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National Bird Week 2019

Eco-Friday blog post


Yes, National Bird Week is a thing! And it is happening this week across Australia. For those of you who didn’t know that it was a thing, it originated way back in the early 1900’s, when the 28th of October was pronounced as the first ‘bird day’ by the Royal Australasian Ornithologists Union. These days, it is organised by Birdlife Australia, and has the noble goal of inspiring everyday Australians to get involved in bird conservation efforts.


One of the ways it supports this is through the organisation of the Aussie Backyard Bird Count, one of Australia’s biggest ‘citizen science’ events. Everyone is encouraged to get out in their backyard, or local park or other outdoor space, and spend 20 minutes observing and registering the birds that they see. Simple, but a hugely effective way of monitoring how our native birds are faring around the country.


Now, I will be honest, it was a struggle to set aside a full 20 minutes to just sit and observe! Time is a luxury we don’t have a lot of at the moment whilst our build is underway, but we wanted to be involved in the cause! So without further ado, here is my list from my 20 minute observation:


Kookaburra x 3 Magpie x 5 Sulphur crested cockatoo x 2 Pale headed Rosella x 2 Rainbow Lorikeet x 3 Miner bird x 3 Pheasant Coucal x 1 Brush turkey x 1 Miner bird x 3 Fig Bird x 1 Magpie Lark x 2 Azure Kingfisher x 1 Purple Moorhen x 1 Willy Wagtail x 1 Scarlet Honeyeater x 7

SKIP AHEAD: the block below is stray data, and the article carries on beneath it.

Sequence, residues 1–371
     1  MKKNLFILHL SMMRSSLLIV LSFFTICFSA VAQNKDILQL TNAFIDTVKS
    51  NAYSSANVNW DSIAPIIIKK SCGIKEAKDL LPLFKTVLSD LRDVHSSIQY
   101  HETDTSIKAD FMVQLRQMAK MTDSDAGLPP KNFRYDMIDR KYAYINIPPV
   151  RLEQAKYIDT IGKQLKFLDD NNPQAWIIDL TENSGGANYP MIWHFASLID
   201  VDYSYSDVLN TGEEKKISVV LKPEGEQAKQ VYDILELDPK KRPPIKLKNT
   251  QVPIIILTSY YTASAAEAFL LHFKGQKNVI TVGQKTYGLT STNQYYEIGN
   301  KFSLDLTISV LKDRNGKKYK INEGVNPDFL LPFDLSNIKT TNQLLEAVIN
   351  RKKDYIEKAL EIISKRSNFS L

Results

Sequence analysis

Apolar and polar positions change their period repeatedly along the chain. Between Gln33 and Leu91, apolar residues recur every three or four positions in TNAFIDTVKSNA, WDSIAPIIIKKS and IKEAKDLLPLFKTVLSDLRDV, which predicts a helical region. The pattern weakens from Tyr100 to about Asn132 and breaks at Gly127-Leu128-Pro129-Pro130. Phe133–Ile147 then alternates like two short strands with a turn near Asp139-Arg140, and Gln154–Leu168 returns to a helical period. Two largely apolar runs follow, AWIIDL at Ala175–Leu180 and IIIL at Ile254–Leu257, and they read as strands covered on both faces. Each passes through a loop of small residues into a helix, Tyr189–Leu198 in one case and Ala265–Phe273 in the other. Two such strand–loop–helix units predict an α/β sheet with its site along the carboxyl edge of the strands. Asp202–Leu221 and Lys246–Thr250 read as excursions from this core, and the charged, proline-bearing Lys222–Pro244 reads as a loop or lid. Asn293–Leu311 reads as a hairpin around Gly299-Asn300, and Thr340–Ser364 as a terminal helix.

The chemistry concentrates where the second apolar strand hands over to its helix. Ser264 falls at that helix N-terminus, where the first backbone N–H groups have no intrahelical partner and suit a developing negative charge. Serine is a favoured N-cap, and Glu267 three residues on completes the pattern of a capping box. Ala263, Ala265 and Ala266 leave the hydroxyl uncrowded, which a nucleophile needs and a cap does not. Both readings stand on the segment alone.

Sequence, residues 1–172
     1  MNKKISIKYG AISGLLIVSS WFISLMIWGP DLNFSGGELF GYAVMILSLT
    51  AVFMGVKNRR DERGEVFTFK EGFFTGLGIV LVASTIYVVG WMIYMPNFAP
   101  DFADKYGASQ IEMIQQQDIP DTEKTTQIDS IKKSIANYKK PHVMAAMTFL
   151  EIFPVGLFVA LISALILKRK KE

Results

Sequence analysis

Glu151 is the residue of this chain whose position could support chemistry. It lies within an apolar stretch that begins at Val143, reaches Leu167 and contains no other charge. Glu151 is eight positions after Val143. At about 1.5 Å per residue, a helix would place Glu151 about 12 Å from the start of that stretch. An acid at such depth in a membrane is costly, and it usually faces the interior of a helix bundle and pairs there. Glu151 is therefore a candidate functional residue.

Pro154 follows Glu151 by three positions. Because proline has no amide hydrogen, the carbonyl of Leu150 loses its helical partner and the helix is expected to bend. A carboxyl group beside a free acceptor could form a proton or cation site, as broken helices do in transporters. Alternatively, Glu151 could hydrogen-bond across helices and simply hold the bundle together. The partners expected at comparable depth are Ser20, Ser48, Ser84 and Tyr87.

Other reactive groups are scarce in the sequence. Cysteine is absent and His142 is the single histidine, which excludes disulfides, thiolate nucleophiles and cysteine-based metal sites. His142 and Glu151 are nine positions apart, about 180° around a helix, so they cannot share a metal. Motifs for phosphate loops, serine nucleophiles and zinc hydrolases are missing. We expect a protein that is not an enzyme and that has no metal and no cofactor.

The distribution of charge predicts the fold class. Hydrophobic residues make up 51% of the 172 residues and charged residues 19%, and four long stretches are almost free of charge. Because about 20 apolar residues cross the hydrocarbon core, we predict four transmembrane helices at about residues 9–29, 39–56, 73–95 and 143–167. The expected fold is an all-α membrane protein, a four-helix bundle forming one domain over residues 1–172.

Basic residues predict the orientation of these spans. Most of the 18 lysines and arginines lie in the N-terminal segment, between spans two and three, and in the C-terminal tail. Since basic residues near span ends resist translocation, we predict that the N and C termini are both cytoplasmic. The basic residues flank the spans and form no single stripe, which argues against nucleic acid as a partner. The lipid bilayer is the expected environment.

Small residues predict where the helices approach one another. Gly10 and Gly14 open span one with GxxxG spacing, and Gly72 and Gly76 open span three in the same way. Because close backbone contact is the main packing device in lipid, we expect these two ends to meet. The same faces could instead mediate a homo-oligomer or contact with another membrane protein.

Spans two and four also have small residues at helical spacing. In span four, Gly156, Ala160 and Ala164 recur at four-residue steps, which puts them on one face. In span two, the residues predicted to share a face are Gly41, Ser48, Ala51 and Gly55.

It was really amazing sitting and observing the BirdLife with a purpose. We know they are there and admire them regularly, but haven’t ever stopped to consciously count them before. We are blessed to have a huge variety of birds here, and at different times or places this list could have been populated with many other species, as it really depends where you are on the property as to what you are more likely to see. I positioned myself near a tree where I had previously observed the Scarlet Honeyeaters, but was pleasantly surprised at how many I could see in one place and in a short window of time. If I had been over closer to one of our dams, I would have observed more water birds, closer to the crossings more kingfishers, towards the mountain more cockatoos and small birds! The more time we have spent out in nature the more notice we have taken of habitats and habits.


There are only a couple of days left of the count, but I highly recommend taking part to any of our Aussie friends. It’s fun and informative, and contributes to a nationwide data bank that helps with conservation efforts, so a win all round! The link can be found below. Happy twitching!

www.aussiebirdcount.org.




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